March 13, 2017

Can’t Relax? Try These Awesome Massage Techniques

Can’t Relax? Try These Awesome Massage Techniques

By Keith Carlson, BSN, RN, NC-BC     

Hard-working nurses need time to relax, and getting a massage is a fun and healthy way to indulge. If you don’t have time to plan a beach getaway, a massage is the next best thing. You can actually walk out of a good massage feeling like you just had a three-day weekend! 

I was a massage therapist before becoming a nurse. I’ve received pretty much every type of massage you can name, and you can bet I have an opinion about each one! Here are my recommendations in no particular order: 

Relaxation massage

Some massage therapists offer relaxation massage. This basically means that the goal of the session is not to dig deep into your aching muscles or “fix” something that hurts. Instead, a relaxation massage is just that -- total relaxation. 

What to expect: You can expect a warm room and a comfortable massage table, quiet music, and the use of natural fragrances that promote rest. Strokes are generally long, slow, and soothing. You can expect to be massaged using various types of lotion or oils. You’ll need to be completely undressed; removing your underwear allows your therapist to access your sacrum and hips.

An hour is a perfectly acceptable amount of time for a session, but 90 or 120 minutes can really take the experience to the next level. 

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Deep tissue massage

Deep tissue massage has a particular goal -- untangling your knots. 

What to expect: You’ll lie on a massage table under a sheet, and you’ll need to be completely undressed, just like for a relaxation massage. Sessions can be one hour or more. 

You might experience the therapist using hands, elbows, thumbs, or a massage device. The therapist may ask permission to climb on the table and use their feet or knees for more intense (and closely controlled) pressure. You can expect the use of lotion, oil, or even warm stones.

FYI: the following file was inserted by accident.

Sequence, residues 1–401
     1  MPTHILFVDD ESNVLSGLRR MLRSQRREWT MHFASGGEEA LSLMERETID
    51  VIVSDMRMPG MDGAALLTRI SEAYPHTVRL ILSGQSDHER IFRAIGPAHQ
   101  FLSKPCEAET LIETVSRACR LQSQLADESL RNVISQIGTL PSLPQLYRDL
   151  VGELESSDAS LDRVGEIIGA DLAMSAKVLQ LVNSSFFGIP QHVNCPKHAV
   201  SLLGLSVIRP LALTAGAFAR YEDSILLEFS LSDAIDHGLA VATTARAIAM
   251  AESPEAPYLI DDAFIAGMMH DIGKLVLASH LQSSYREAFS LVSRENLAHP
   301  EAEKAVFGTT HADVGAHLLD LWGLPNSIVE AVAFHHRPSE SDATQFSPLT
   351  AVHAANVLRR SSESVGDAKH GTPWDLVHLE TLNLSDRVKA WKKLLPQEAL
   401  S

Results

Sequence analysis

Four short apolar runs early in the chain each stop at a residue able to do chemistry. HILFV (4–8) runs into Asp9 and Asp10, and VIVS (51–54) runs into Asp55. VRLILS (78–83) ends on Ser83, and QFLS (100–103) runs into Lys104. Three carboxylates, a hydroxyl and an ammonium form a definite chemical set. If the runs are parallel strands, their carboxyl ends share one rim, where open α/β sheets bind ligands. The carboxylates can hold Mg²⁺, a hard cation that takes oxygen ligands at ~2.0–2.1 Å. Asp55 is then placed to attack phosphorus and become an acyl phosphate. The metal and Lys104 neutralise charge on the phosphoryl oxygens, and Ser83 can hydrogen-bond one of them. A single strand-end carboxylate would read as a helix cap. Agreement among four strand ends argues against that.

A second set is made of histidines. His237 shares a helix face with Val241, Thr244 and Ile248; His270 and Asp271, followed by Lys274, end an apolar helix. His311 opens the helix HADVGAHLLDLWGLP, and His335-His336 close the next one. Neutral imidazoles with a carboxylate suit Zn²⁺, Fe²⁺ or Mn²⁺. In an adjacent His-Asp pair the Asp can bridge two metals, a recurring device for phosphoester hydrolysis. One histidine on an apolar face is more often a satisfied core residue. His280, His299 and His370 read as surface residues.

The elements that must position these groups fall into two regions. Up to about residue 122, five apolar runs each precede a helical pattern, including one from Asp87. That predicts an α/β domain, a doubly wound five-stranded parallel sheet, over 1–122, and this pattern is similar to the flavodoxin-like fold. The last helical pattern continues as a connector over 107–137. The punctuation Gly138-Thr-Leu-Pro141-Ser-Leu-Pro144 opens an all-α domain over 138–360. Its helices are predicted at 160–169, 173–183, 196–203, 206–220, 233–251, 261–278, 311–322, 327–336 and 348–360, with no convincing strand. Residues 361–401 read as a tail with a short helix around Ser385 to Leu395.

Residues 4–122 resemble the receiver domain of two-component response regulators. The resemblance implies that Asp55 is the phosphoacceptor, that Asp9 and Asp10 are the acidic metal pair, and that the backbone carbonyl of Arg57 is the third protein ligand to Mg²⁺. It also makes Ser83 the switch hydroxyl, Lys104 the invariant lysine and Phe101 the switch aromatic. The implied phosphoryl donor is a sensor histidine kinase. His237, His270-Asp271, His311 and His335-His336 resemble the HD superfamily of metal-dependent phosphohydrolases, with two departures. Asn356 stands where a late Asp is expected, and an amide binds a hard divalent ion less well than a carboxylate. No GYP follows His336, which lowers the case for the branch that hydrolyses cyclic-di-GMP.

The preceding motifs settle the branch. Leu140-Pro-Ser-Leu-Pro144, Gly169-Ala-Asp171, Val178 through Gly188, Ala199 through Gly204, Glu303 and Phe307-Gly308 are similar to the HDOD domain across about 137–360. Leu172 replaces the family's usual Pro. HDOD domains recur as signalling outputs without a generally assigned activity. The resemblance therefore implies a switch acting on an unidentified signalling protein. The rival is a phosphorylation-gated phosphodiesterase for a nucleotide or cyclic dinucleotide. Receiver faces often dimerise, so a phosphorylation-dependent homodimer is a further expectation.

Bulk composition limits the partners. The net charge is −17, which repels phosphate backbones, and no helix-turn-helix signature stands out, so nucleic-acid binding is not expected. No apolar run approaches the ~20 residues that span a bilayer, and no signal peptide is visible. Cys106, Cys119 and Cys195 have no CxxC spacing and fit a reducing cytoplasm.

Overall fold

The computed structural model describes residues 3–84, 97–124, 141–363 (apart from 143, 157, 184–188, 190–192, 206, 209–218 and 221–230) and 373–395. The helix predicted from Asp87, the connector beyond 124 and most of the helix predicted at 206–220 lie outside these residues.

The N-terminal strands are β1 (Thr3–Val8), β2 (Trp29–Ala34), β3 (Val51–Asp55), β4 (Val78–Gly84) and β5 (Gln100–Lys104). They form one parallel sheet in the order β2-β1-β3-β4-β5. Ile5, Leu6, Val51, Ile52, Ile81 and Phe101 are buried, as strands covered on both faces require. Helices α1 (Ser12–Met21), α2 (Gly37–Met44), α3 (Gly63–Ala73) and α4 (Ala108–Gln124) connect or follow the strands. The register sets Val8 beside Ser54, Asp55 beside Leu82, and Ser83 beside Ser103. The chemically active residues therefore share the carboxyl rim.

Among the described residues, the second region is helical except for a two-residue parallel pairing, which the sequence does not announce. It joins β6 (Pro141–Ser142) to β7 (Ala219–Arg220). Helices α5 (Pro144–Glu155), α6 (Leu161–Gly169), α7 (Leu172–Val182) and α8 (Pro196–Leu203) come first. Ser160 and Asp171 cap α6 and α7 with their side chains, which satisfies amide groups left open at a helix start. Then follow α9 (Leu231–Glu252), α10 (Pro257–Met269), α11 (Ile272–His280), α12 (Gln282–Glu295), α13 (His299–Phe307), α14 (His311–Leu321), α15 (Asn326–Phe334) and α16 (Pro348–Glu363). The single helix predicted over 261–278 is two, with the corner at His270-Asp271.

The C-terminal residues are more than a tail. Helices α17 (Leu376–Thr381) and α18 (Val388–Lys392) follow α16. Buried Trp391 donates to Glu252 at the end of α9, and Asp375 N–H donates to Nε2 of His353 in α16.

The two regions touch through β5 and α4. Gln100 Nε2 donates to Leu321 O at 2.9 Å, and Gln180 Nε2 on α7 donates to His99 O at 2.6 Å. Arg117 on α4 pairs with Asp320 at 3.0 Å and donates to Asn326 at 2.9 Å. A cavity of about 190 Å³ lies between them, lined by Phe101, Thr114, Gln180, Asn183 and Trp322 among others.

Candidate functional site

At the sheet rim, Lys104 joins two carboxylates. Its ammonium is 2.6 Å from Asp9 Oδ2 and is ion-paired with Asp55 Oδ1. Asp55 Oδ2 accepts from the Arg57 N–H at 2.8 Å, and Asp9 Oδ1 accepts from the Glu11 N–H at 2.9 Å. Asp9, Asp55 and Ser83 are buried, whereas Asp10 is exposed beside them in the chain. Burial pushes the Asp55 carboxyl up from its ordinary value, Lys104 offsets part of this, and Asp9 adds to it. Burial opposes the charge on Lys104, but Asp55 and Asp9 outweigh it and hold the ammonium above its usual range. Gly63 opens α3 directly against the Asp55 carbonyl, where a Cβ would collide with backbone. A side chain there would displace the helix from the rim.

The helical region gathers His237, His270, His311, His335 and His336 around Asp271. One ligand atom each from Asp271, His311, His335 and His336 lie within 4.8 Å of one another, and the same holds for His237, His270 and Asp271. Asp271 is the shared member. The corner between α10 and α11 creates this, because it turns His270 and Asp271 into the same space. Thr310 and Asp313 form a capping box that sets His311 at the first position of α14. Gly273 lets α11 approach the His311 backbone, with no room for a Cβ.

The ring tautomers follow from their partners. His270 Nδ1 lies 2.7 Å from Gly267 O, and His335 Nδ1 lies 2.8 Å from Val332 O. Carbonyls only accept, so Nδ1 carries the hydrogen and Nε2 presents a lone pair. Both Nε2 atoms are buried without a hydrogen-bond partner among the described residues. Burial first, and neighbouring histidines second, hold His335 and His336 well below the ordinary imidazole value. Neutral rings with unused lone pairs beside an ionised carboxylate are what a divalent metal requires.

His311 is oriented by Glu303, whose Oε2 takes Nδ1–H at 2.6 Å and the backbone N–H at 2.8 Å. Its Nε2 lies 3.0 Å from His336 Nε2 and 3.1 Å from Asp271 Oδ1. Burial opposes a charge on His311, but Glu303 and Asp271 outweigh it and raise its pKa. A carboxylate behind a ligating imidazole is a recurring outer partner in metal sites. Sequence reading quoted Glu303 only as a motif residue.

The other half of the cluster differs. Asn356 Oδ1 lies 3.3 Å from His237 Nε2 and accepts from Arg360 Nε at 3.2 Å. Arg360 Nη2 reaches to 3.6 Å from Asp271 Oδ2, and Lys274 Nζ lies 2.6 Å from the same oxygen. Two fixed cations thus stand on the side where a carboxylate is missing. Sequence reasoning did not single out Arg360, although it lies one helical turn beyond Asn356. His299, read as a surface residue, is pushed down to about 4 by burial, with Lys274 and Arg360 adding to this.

Thai massage

Thai massage is intensely unwinding. Several massage therapists I’ve known have actually traveled to Thailand to study with masters of Thai techniques. 

What to expect: Thai massage may be done on a massage table or a futon mat on the floor. No oils or lotions are used in Thai massage since the client remains fully clothed. Loose, comfortable clothing is recommended. 

Some gentle stretching of your limbs is involved, as well as expertly placed pressure on various parts of the body. You need to trust the therapist enough to allow them to manipulate your limbs into stretches that release tension in your connective tissue. Sessions last 1 to 2 hours. 

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Foot Reflexology

For a hard-working nurse constantly on her feet, your idea of heaven may lie in a foot massage. Reflexologists are trained to use pressure points in the feet (as well as the hands, in some cases). 

Various diagrams of the hands and feet claim that all systems and organs of the body can benefit from the skillful manipulation of their corresponding “reflexes” in the limbs. I’ve experienced some of those benefits myself, but I can’t scientifically corroborate the experience. 

What to expect: In a reflexology session, you may be lying fully clothed on a massage table with your legs exposed from the knee down, or be seated in a comfortable lounge chair. It’s recommended to wear shorts so that the reflexologist can access your legs from the knees down. Sessions can be as brief as 30 minutes, but 60 to 90 minutes is best for deep relaxation and pain relief. 

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There’s So Much More

There are countless forms of massage, bodywork, and “energy work”, and these four are a great place to begin. 

Search online for therapists in your area. Feel free to ask a therapist about training, certification, experience, and style of massage. Many have multiple certifications and offer a variety of techniques and styles. You may encounter eclectic therapists who combine several techniques. 

Be clear with your chosen therapist about your sensitivities to touch; areas of pain, injury, or prior surgery; your dislike of certain fragrances or incense; and your goals. 

Personal recommendations are a great way to find a therapist you really like, but you can also be adventurous and trust your nursing instincts when searching for the right person. 

There are so many benefits to massage.  Why not make time in your schedule to get one on a regular basis? It’s an investment in your happiness and health!

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Keith Carlson, BSN, RN, NC-BC is a Board-Certified Nurse Coach, award-winning blogger, nurse podcaster, speaker, and author. Based in Sante Fe, New Mexico, Nurse Keith’s work has appeared in a variety of online and print publications.

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